The stately 1950 Packard is nearly new as well, with just 1,572 miles on its odometer.

The second Packard has just 1,572 miles. The eight-cylinder 1950 model has all four of its original tires, its spare has never touched the ground, it wears its original license plates and the jack remains in the original cardboard box in the trunk. Reportedly, three sisters owned the Packard and when the driver passed away after the car was purchased, it was parked and never used again.

 

Low-mile MoPars for good measure

The 1959 Plymouth Fury two-door hardtop is even more pristine than the Packards. It shows just 396 turns of its odometer. Yes, 396 miles — about the distance between Sacramento, Calif., and Los Angeles.  Surely, this 1959 Plymouth must be the lowest-mileage ’59 Plymouth in existence. Not surprisingly, the car is in new condition and features swivel seats, the original upholstery and the rare optional gas heater.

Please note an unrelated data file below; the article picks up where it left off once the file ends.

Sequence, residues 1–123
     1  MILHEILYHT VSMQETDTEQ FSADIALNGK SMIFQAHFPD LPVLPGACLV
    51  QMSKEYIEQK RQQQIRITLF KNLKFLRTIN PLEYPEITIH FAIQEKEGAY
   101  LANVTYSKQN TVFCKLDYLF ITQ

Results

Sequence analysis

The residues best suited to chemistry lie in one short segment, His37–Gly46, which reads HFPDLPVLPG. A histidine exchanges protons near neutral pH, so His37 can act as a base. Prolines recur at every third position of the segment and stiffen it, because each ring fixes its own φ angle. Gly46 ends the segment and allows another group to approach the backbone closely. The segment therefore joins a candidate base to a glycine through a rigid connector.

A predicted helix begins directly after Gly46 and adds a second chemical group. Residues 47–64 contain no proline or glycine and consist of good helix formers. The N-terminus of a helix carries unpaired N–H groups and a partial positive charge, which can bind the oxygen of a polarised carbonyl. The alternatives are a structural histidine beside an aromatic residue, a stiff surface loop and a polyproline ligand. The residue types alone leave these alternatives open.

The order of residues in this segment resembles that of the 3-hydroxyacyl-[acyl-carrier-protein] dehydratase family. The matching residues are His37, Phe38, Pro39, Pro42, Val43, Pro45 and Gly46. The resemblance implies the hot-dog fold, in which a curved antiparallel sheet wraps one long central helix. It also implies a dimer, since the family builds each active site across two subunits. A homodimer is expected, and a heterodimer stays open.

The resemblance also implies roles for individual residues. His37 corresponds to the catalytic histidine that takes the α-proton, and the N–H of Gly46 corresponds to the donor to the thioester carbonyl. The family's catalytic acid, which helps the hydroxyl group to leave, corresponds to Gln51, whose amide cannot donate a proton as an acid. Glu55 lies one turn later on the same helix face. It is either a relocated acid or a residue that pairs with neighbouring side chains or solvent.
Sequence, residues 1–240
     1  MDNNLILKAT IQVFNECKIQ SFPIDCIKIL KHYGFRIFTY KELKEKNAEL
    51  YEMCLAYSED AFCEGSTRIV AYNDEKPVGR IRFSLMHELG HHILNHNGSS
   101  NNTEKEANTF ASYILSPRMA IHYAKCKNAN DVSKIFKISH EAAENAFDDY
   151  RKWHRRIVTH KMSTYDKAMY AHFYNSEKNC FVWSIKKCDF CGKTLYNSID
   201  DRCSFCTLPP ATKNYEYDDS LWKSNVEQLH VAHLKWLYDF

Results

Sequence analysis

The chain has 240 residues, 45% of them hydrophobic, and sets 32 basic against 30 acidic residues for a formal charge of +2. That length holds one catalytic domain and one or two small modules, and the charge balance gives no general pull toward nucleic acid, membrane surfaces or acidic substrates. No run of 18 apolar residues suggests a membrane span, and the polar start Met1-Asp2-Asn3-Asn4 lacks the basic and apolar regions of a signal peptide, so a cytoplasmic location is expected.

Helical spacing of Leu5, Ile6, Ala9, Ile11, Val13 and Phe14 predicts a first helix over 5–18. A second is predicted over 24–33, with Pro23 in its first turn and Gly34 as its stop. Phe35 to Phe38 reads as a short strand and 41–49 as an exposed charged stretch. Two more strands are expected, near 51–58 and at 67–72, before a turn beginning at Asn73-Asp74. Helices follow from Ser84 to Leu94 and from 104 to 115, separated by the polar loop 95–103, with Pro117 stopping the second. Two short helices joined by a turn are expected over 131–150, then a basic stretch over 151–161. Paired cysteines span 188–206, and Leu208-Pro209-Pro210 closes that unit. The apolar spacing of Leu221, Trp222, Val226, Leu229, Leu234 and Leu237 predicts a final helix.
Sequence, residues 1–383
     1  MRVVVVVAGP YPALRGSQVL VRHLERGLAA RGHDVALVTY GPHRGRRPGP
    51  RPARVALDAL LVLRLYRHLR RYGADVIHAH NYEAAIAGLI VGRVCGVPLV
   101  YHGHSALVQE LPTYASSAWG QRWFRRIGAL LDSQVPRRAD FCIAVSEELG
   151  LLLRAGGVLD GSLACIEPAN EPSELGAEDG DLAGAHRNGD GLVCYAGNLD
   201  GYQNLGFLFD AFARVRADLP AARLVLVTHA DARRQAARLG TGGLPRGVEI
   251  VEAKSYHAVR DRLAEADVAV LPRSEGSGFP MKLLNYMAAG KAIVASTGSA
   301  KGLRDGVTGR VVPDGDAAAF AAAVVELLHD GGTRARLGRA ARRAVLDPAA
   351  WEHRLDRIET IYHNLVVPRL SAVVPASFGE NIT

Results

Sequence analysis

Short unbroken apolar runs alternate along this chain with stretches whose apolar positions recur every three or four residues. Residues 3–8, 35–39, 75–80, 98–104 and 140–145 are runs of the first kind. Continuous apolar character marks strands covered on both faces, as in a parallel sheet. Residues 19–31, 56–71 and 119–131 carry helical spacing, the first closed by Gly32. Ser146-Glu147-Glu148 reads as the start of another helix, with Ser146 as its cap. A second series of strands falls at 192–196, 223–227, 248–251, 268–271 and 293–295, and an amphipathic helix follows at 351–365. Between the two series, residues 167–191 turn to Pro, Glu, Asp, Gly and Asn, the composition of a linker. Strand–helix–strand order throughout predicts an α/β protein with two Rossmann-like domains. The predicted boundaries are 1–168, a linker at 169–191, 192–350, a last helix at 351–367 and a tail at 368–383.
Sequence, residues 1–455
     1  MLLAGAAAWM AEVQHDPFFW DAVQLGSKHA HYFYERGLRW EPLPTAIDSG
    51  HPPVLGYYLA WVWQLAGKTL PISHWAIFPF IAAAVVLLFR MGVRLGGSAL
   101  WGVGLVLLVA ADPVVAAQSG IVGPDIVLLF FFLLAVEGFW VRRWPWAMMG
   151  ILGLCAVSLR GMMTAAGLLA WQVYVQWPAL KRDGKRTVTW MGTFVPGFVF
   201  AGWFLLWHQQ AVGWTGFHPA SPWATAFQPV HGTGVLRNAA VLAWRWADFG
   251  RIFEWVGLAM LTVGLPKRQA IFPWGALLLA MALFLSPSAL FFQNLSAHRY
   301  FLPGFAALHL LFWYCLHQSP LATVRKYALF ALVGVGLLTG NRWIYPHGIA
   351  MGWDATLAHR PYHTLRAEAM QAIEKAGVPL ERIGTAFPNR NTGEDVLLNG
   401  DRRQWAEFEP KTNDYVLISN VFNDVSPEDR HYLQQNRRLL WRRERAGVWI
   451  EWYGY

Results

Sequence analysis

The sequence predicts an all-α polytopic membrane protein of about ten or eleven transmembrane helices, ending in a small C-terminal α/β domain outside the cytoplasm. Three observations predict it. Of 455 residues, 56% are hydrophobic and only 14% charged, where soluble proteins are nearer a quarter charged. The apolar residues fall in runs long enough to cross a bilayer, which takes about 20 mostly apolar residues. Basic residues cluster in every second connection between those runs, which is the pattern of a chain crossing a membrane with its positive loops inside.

The Plymouth’s original owner purchased the car, stuck it away and simply looked at it. Unfortunately, he once sat a box of soap on the hood and didn’t remove it for many years. The roof of the garage leaked, the soap liquified and what was probably lye leached out of the soap and ate a hole through the hood. When the second owner acquired the car, a replacement hood was located and the entire car was refinished in the original color.

Sporting a few more miles but more horsepower in this “friend find” is a bright yellow 1970 AAR ’Cuda. It still sports the factory four-speed and 6-pack carburetion on top of a replacement 340-cid V-8, the result of too many 1/4-mile runs, and not to the grocery store. The 33,000-mile car remains original and still wears its factory-applied paint and original window sticker with a beautiful perfect original interior.